Sequence Storage Engine

This article is about the Sequence storage engine. For details about sequence objects, see Sequences.

A Sequence engine allows the creation of ascending or descending sequences of numbers (positive integers) with a given starting value, ending value and increment.

It creates completely virtual, ephemeral tables automatically when you need them. There is no way to create a Sequence table explicitly. Nor are they ever written to disk or create .frm files. They are read-only, transactional, and support XA.

Installing

Until MariaDB 10.0, the Sequence engine is usually distributed as a dynamic plugin, not part of the server binary. To be able to use it, you need to install it first:

INSTALL SONAME "ha_sequence";

From MariaDB 10.1, the Sequence engine is installed by default.

If it has been correctly installed, SHOW ENGINES will list the Sequence storage engine as supported:

SHOW ENGINES\G
...
*************************** 5. row ***************************
      Engine: MyISAM
     Support: YES
     Comment: MyISAM storage engine
Transactions: NO
          XA: NO
  Savepoints: NO
*************************** 6. row ***************************
      Engine: SEQUENCE
     Support: YES
     Comment: Generated tables filled with sequential values
Transactions: YES
          XA: YES
  Savepoints: YES
*************************** 7. row ***************************
      Engine: MRG_MyISAM
     Support: YES
     Comment: Collection of identical MyISAM tables
Transactions: NO
          XA: NO
  Savepoints: NO

...

Usage and Examples

To use a Sequence table, you simply select from it, as in

SELECT * FROM seq_1_to_5;
+-----+
| seq |
+-----+
|   1 |
|   2 |
|   3 |
|   4 |
|   5 |
+-----+

To use a sequence in a statement, you select from the table named by a pattern seq_FROM_to_TO or seq_FROM_to_TO_step_STEP.

In the case of an odd step, the sequence will commence with the FROM, and end at the final result before TO.

SELECT * FROM seq_1_to_15_step_3;
+-----+
| seq |
+-----+
|   1 |
|   4 |
|   7 |
|  10 |
|  13 |
+-----+

A sequence can go backwards too. In this case the final value will always be the TO value, so that a descending sequence has the same values as an ascending sequence:

SELECT * FROM seq_5_to_1_step_2;
+-----+
| seq |
+-----+
|   5 |
|   3 |
|   1 |
+-----+
SELECT * FROM seq_15_to_1_step_3;
+-----+
| seq |
+-----+
|  13 |
|  10 |
|   7 |
|   4 |
|   1 |
+-----+
SELECT * FROM seq_15_to_2_step_3;
+-----+
| seq |
+-----+
|  14 |
|  11 |
|   8 |
|   5 |
|   2 |
+-----+

This engine is particularly useful with joins and subqueries. For example, this query finds all prime numbers below 50:

SELECT seq FROM seq_2_to_50 s1 WHERE 0 NOT IN
     (SELECT s1.seq % s2.seq FROM seq_2_to_50 s2 WHERE s2.seq <= sqrt(s1.seq));
+-----+
| seq |
+-----+
|   2 |
|   3 |
|   5 |
|   7 |
|  11 |
|  13 |
|  17 |
|  19 |
|  23 |
|  29 |
|  31 |
|  37 |
|  41 |
|  43 |
|  47 |
+-----+

And almost (without 2, the only even prime number) the same result with joins:

SELECT s1.seq FROM seq_2_to_50 s1 JOIN seq_2_to_50 s2 WHERE s1.seq > s2.seq AND s1.seq % s2.seq <> 0 GROUP BY s1.seq HAVING s1.seq - COUNT(*) = 2;
+-----+
| seq |
+-----+
|   3 |
|   5 |
|   7 |
|  11 |
|  13 |
|  17 |
|  19 |
|  23 |
|  29 |
|  31 |
|  37 |
|  41 |
|  43 |
|  47 |
+-----+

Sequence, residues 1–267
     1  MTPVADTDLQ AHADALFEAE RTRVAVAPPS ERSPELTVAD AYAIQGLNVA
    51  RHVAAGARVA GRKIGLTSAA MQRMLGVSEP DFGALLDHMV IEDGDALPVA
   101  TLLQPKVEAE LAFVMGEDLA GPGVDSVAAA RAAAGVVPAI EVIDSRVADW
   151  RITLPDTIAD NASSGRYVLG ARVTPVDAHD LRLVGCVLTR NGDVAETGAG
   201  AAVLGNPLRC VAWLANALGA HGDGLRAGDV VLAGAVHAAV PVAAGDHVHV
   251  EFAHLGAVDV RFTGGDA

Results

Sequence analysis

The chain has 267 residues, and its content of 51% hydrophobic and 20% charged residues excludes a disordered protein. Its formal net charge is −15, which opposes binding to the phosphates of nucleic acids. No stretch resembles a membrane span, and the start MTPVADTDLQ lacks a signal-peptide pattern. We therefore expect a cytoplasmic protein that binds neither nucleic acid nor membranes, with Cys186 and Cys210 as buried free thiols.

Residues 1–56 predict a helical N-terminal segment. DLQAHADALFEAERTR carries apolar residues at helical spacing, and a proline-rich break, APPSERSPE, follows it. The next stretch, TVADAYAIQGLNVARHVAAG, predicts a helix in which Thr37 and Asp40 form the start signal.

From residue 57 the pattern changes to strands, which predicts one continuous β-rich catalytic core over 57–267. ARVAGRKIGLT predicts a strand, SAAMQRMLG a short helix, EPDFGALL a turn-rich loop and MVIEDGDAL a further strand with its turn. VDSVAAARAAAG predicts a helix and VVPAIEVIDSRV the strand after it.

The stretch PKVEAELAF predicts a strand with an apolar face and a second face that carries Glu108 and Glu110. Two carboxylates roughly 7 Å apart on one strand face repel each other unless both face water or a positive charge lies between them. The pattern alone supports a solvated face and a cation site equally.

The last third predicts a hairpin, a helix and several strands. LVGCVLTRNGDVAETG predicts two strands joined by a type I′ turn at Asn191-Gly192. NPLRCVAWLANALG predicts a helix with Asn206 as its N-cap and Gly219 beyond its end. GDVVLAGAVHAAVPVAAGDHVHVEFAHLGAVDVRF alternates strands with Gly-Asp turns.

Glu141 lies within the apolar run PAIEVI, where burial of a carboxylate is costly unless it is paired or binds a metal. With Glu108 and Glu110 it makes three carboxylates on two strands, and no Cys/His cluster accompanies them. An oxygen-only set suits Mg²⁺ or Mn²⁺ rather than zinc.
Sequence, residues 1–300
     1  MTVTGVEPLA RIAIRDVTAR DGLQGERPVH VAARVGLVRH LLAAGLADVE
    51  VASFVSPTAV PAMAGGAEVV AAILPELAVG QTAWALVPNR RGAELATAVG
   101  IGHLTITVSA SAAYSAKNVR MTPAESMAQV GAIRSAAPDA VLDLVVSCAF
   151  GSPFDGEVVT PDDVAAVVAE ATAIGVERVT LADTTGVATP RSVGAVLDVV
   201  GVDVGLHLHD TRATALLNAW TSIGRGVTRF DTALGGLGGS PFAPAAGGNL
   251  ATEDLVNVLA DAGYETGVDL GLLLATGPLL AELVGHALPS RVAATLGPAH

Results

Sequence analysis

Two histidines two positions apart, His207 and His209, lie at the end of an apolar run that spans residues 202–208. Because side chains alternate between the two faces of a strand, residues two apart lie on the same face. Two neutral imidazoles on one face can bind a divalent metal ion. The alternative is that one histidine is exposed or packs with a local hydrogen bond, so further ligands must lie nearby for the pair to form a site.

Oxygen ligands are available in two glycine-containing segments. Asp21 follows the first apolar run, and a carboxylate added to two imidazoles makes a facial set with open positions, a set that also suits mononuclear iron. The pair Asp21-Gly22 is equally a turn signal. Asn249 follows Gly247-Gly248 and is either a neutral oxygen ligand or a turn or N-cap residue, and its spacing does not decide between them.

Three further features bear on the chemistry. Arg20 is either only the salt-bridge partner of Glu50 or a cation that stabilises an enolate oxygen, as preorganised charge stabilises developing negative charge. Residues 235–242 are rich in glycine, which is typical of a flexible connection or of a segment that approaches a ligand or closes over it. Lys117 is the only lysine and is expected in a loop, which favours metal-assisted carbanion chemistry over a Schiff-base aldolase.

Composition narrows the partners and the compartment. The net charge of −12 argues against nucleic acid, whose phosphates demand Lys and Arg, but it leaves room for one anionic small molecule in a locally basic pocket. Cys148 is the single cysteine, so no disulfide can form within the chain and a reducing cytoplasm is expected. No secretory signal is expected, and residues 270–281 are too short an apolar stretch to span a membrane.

Sequence tables can also be useful in date calculations. For example, to find the day of the week that a particular date has fallen on over a 40 year period (perhaps for birthday planning ahead!):

SELECT DAYNAME('1980-12-05' + INTERVAL (seq) YEAR) day,
    '1980-12-05' + INTERVAL (seq) YEAR date FROM seq_0_to_40;
+-----------+------------+
| day       | date       |
+-----------+------------+
| Friday    | 1980-12-05 |
| Saturday  | 1981-12-05 |
| Sunday    | 1982-12-05 |
...
| Friday    | 2014-12-05 |
| Saturday  | 2015-12-05 |
| Monday    | 2016-12-05 |
| Tuesday   | 2017-12-05 |
| Wednesday | 2018-12-05 |
| Thursday  | 2019-12-05 |
| Saturday  | 2020-12-05 |
+-----------+------------+

Although Sequence tables can only directly make use of positive integers, they can indirectly be used to return negative results by making use of the CAST statement. For example:

SELECT CAST(seq AS INT) - 5 x FROM seq_5_to_1;
+----+
| x  |
+----+
|  0 |
| -1 |
| -2 |
| -3 |
| -4 |
+----+

CAST is required to avoid a BIGINT UNSIGNED value is out of range error.

Sequence tables, while virtual, are still tables, so they must be in a database. This means that a default database must be selected (for example, via the USE command) to be able to query a Sequence table. The information_schema database cannot be used as the default for a Sequence table.

Table Name Conflicts

If the SEQUENCE storage engine is installed, it is not possible to create a table with a name which follows the SEQUENCE pattern:

CREATE TABLE seq_1_to_100 (col INT) ENGINE = InnoDB;
ERROR 1050 (42S01): Table 'seq_1_to_100' already exists

However, a SEQUENCE table can be converted to another engine and the new table can be referred in any statement:

ALTER TABLE seq_1_to_100 ENGINE = BLACKHOLE;

SELECT * FROM seq_1_to_100;
Empty set (0.00 sec)

While a SEQUENCE table cannot be dropped, it is possible to drop the converted table. The SEQUENCE table with the same name will still exist:

DROP TABLE seq_1_to_100;

SELECT COUNT(*) FROM seq_1_to_100;
+----------+
| COUNT(*) |
+----------+
|      100 |
+----------+
1 row in set (0.00 sec)

A temporary table with a SEQUENCE-like name can always be created and used:

CREATE TEMPORARY TABLE seq_1_to_100 (col INT) ENGINE = InnoDB;

SELECT * FROM seq_1_to_100;
Empty set (0.00 sec)

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